7. This is all I could find of the LD burner. This is the mounting with the air pipes sitting in a way to try to induce some swirl. This was recommended by the BF bods. The burner itself is not fitted in this photo. And here is an early experimental set up of the pressure atomising burner which gives a good idea of how it was laid out. A couple of things to note here. The duct down to the burner head looks odd. This is because at this stage it is a bit of plastic pipe. We noticed that when we were testing it sometimes it just would not run right at all and would keep shutting down. It turned out that it only acted up when the workshop lights were turned on. The clear plastic pipe was letting enough light into the burner head to upset the flame eye. The problem was solved in the short term by wrapping the plastic pipe in a bin liner. Longer term the duct was made in stainless pipe which solved it altogether. You can just make out the red of the pump and fan unit and a wee battery with a cheapy inverter next to it seeing if it is possible to run the fan independently of the workshop. Note also a nearly new Megavan which despite being a few months old was in a dangerous condition when that photo was taken.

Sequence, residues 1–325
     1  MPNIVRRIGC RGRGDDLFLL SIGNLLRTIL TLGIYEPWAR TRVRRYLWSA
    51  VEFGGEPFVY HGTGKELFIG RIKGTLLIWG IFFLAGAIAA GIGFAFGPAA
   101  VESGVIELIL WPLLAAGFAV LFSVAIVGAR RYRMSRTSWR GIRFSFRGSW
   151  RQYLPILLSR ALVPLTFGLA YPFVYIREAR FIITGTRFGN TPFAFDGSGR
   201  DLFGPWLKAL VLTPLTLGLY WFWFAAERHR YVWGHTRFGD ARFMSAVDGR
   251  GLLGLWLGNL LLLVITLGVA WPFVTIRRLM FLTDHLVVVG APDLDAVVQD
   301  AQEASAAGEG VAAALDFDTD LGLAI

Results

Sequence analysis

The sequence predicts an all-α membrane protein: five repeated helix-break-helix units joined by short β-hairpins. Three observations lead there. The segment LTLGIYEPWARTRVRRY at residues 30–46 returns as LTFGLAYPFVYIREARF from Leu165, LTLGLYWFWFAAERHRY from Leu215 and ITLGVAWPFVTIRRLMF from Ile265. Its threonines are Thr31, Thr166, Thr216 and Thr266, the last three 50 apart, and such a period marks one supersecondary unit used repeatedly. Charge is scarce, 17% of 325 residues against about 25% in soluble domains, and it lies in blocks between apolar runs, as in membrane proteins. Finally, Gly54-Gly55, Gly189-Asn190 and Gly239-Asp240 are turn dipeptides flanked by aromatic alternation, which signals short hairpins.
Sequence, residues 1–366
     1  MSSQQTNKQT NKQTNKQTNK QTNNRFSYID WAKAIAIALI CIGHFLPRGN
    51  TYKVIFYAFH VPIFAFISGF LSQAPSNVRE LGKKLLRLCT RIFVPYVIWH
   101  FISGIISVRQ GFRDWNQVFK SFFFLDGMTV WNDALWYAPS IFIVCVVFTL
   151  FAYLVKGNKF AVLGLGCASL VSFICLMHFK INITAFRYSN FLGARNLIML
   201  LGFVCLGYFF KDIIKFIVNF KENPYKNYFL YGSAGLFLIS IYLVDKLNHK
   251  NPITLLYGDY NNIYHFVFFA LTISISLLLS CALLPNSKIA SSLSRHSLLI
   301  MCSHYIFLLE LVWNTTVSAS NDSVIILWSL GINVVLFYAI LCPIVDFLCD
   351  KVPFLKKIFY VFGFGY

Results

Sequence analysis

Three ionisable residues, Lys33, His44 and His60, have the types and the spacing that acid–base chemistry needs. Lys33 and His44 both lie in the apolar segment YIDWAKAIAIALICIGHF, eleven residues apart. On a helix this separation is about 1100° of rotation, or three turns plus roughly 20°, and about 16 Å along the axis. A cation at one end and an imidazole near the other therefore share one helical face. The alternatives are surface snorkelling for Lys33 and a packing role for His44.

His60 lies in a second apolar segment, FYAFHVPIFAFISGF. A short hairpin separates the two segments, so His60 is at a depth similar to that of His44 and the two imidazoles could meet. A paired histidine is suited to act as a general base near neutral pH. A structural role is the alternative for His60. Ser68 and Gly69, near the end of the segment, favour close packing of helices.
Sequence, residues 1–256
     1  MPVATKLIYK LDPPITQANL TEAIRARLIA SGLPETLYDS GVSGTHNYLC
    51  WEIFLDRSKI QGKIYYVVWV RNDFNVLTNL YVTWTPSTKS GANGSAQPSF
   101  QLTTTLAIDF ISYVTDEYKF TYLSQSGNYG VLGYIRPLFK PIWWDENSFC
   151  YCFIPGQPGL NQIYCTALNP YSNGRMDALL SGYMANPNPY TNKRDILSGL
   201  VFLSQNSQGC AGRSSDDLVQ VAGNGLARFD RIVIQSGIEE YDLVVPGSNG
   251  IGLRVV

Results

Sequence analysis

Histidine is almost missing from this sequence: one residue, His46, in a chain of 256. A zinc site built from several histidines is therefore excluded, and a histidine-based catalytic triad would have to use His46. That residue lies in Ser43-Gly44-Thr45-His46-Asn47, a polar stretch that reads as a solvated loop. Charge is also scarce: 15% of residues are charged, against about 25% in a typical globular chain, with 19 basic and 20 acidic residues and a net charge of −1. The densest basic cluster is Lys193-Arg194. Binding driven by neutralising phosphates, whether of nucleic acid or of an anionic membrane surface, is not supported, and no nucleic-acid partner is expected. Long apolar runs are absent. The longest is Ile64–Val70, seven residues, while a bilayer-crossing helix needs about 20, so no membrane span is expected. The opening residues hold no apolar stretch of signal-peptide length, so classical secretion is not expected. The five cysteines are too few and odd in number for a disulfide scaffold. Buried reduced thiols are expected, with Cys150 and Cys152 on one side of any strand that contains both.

8. As usual we are really bad at taking pictures and I can't find anything of the LD burner stuff. Here's the pressure atomising burner head in its support And this is it in situ Look at the front mudflap and you'll see a slightly heavy matt black line. That is the air duct to the burner head. All the gubbins that was needed was pretty well hidden away. And here is the stoking chute gone and replaced with a central flue. It is sitting under a highly polished aluminium cover. Incidentally, the water tanks on this waggon are for show. We run them empty to keep weight off the front wheels. The actual water tank sits in the tipper body over the rear axle. And here is an early experimental run being overseen by No1 son. The reason for this picture is look behind my head. That is the control box with lots of lights and switches and a bloody PLC FFS. Normally it would be hidden behind a wooden panel so it looked like the coal bunker it was meant to be. I'll keep looking if we have anything of the LD burner.